And for Republicans, the tone and tenor of the debate could have significant implications across the party as they fight to regain their standing among Latino voters. In the 2012 presidential election, Obama won nearly 75 percent of the Latino vote.
The politics get fuzzy for senators from conservative border states, like Texas and Arizona, and is even more uncertain in the House, where fewer than 60 percent of lawmakers preside over Latino populations that are over 10 percent of total districts.
"This bill will crash and burn in the House, and it was designed to do so," Sen. Ted Cruz, R-Texas, said on the Senate floor following the vote, arguing that the bill would never get the traction it needed to pass in the House.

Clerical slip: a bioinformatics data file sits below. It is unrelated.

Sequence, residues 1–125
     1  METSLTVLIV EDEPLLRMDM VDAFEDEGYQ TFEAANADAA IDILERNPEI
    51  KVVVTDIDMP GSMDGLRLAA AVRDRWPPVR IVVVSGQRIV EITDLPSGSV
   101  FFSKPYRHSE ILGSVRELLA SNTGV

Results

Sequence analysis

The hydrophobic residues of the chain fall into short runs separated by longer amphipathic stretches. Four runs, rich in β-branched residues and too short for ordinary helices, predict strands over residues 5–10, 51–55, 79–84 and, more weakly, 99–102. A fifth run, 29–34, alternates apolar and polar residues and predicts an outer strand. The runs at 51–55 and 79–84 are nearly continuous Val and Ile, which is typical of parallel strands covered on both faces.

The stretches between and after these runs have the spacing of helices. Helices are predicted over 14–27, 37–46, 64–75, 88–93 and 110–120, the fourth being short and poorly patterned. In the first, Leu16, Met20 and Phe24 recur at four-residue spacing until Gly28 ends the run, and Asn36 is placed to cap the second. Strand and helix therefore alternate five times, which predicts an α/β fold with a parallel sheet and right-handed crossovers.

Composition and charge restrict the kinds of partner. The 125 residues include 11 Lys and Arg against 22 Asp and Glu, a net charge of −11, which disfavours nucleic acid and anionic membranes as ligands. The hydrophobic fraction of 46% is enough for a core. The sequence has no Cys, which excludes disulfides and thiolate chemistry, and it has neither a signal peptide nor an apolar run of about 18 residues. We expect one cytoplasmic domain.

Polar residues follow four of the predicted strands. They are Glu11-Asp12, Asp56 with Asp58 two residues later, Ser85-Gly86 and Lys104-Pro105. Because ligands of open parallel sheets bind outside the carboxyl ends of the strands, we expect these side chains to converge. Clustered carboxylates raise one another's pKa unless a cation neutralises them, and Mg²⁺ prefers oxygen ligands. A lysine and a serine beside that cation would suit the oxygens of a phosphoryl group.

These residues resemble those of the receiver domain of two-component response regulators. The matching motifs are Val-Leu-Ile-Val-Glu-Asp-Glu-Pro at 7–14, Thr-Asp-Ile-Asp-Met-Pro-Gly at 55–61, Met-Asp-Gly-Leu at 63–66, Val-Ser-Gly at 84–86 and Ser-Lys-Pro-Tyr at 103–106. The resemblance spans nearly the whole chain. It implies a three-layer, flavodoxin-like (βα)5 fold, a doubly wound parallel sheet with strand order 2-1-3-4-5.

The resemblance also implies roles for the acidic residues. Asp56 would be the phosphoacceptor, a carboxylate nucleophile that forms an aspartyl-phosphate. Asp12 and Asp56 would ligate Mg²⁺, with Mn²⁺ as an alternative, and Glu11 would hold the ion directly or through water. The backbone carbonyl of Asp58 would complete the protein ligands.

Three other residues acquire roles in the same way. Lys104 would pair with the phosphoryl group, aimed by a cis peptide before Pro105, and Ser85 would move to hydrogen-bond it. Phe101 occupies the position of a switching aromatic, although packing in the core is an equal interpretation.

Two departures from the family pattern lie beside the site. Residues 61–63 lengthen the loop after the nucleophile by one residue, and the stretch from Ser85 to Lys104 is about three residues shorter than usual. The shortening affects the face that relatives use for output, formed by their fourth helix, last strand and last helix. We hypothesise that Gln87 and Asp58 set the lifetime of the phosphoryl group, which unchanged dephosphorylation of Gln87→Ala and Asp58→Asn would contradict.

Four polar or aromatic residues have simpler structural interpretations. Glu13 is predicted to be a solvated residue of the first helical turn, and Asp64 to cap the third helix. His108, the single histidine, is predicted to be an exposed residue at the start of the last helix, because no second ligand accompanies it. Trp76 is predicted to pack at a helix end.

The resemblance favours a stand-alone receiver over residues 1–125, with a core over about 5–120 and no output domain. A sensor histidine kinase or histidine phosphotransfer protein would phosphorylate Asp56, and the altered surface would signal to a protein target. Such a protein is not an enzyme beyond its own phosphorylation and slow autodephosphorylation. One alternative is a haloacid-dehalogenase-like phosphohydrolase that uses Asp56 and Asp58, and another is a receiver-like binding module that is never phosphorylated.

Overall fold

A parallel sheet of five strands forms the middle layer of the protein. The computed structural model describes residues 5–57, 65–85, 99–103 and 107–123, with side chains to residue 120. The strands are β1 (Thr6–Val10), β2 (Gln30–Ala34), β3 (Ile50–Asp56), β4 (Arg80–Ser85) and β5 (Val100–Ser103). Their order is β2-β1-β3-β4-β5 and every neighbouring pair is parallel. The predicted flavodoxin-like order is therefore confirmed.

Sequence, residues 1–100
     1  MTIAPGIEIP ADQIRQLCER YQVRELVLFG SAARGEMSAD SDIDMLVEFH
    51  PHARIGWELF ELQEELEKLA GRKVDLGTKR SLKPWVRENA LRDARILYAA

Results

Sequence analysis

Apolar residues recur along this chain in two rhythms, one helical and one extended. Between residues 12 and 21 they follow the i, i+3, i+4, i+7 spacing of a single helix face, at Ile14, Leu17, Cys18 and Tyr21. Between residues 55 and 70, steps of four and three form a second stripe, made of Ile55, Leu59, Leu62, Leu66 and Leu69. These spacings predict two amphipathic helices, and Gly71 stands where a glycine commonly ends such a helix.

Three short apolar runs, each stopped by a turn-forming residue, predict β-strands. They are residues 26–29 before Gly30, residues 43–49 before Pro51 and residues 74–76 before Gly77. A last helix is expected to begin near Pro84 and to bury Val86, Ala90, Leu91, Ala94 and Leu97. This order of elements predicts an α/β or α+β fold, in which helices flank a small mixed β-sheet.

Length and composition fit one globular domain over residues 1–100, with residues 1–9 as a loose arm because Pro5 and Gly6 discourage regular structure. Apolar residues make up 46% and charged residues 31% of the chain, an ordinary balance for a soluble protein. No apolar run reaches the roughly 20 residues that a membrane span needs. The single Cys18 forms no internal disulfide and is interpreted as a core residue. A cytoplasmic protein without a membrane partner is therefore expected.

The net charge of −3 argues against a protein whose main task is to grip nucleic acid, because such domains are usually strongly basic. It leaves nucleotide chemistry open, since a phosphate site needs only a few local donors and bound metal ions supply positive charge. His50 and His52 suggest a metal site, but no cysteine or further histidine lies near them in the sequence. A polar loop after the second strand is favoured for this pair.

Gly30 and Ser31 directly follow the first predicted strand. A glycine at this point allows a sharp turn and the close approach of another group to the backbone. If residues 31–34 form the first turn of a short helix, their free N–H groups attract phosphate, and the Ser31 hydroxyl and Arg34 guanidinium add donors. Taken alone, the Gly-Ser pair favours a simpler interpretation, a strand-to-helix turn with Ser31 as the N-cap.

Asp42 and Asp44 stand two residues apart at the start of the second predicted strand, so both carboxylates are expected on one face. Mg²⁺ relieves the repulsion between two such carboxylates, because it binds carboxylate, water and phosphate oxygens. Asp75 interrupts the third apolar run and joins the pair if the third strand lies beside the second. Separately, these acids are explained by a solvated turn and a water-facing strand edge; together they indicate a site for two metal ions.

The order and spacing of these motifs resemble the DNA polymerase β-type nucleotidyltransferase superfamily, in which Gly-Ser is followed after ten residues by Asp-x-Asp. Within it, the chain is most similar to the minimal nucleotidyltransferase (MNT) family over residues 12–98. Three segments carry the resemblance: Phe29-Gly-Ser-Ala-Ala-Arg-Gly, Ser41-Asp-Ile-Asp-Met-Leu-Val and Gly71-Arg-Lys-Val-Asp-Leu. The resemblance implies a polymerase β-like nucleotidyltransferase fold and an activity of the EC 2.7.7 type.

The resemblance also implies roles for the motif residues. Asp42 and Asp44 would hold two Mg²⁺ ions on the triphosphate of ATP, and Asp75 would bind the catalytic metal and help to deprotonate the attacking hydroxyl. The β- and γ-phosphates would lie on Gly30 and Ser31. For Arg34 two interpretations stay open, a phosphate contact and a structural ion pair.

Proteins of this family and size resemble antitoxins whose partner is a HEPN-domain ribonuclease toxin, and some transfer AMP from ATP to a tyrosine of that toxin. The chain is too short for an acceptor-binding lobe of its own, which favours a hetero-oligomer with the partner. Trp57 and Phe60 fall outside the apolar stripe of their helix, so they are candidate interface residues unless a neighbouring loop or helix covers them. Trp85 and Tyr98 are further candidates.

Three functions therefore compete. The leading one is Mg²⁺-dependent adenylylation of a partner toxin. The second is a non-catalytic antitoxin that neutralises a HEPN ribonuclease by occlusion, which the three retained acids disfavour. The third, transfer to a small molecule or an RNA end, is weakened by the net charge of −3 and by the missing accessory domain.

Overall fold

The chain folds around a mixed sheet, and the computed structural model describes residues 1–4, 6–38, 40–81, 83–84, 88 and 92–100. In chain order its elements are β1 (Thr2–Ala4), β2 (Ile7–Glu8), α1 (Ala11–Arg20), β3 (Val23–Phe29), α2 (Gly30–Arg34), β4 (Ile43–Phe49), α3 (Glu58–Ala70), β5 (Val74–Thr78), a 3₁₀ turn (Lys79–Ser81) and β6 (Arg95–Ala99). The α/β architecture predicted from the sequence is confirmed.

GOP lawmakers who support overhauling the country's immigration system say that Republicans have to consider the long-term outlook.
"If you want to be a congressional party, fine, I'd like to also be a party that could win the White House," Graham says.